As the globe shifts toward more technology consumption, the information and communications technology (ICT) industry strives to meet demand through sustainable sourcing of energy. In the effort to cut down on fossil fuel usage, researchers have set their sights on making data centers more energy efficient, which could in turn reduce business overhead costs, according to Green Biz.
Data centers themselves consume 1 to 3 percent of electricity in the United States while the devices connected to their infrastructure contribute much more energy consumption, according to a study on the growth of data center electricity use from 2005 to 2010 by Jonathan Koomey, a professor at Stanford University. Research shows data centers worldwide increased their electricity use by 56 percent between 2005 to 2010, with U.S. increasing by 36 percent. With their huge potential for energy consumption, data centers are the focus of more state and education institutions in the effort to become powered by renewable resources.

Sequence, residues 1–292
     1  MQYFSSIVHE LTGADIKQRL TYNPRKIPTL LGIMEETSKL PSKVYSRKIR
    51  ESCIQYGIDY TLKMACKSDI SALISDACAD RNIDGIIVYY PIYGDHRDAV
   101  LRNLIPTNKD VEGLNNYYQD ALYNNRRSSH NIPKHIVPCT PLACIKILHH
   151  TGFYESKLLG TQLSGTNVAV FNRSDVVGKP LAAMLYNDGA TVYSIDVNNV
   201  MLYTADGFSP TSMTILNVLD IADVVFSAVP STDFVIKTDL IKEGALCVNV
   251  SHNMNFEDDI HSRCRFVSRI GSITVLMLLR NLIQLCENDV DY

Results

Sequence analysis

As a shift toward sustainable sourcing related to data center management, professors at the Rocky Mountain Institute (RMI) and Clarkson University developed the idea of distributed green data centers (DGDCs) and performance-optimized data centers (PODs).
"Imagine many small, geographically distributed performance-optimized data centers (PODs) that can operate either with the electricity grid as an interconnected resource or as an off-grid electrical island," RMI principal Kendra Tupper and Clarkson University assistant professor Stephen Bird wrote in Green Biz.
As an alternative to diesel generated power used by many third world or underdeveloped countries with unstable power grids, PODs offer more flexibility and control. PODs are more energy efficient because its power source can come from different forms of renewable energy, like wind and solar. One POD can transfer its computing load to another for a more productive system.
"The DGDC concept - as realized via PODs - can eliminate a significant amount of wasted energy, primarily by reducing transmission and distribution losses, but also through best practice cooling methods and other efficiency gains," Tupper and Bird said.
By using more sustainable data center systems like PODs, companies can reduce their kilowatt-hours billed as part of business overhead costs.